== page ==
A Monster Calls

“The monster showed up at midnight. As they do.”

There are some books that stick with you long after you close the back cover. For me, one of those books was A Monster Calls by Patrick Ness, inspired by Siobhan Dowd, and illustrated by Jim Kay.

Through context clues, the reader realizes that thirteen-year-old Conor O’Malley is struggling with his mother’s deteriorating health and has alienated himself from his friends, family, teachers, and other classmates. Throughout the book, it becomes clear that Conor feels a tremendous amount of guilt and believes he deserves to be punished, but the reader does not find out “the truth” until the last few pages of the book. We are lead to believe that the monster has “come walking” in order to heal Conor’s mother, as the monster takes the form of a yew tree, which has incredible healing properties. However, to the reader it becomes clear that the monster has come to help Conor.

Conor’s mother has a form of cancer, and treatments just aren’t working anymore. She keeps a brave face for Conor, who is in denial and believes that she will get better, even as he notices her getting much worse. Ness’s story is about a boy who is forced to grow up a lot faster than other children his age. Conor is handling a grown-up situation as well as he knows how; he has been strong and holding on tightly to his mother and his belief that she will bounce back that it is so hard for him to realize that he has to let her go.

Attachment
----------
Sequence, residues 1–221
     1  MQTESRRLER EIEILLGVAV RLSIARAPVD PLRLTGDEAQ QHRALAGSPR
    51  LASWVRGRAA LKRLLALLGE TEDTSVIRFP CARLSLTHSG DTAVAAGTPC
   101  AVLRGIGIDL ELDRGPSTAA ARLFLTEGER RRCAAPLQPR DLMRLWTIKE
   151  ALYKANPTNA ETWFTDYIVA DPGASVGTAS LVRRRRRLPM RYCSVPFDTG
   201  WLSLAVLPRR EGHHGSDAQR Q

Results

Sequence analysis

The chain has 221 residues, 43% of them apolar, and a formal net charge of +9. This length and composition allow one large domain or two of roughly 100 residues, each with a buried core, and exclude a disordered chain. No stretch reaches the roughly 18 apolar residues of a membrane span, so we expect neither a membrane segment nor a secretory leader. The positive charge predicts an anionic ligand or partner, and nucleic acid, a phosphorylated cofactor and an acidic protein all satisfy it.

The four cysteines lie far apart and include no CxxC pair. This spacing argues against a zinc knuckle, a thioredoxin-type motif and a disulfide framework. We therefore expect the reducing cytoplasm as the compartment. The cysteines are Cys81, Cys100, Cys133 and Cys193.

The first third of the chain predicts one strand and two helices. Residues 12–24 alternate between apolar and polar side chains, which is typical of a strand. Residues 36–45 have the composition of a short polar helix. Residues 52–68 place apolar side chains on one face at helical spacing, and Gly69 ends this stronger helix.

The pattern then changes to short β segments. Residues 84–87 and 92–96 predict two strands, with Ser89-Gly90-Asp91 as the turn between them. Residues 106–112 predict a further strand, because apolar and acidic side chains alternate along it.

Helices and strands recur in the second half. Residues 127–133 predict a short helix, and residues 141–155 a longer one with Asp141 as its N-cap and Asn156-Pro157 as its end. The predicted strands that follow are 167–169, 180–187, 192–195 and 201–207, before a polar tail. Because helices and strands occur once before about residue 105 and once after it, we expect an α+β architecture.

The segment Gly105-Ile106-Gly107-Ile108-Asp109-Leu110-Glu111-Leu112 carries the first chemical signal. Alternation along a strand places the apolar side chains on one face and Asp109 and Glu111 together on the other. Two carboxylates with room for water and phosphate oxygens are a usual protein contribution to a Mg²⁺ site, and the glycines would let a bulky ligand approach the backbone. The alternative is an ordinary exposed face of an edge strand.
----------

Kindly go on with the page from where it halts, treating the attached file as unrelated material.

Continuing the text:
Ness’s book is an important read for any tween, teen, or young adult who is going through any kind of tough circumstance. And even if you aren’t going through a tough situation at the moment, this is an important book to read for everyone. Ness creates an intense, meaningful story complete with illustrations in 216 pages that can be read in one sitting. This book is incredibly significant and one that I would recommend to everyone.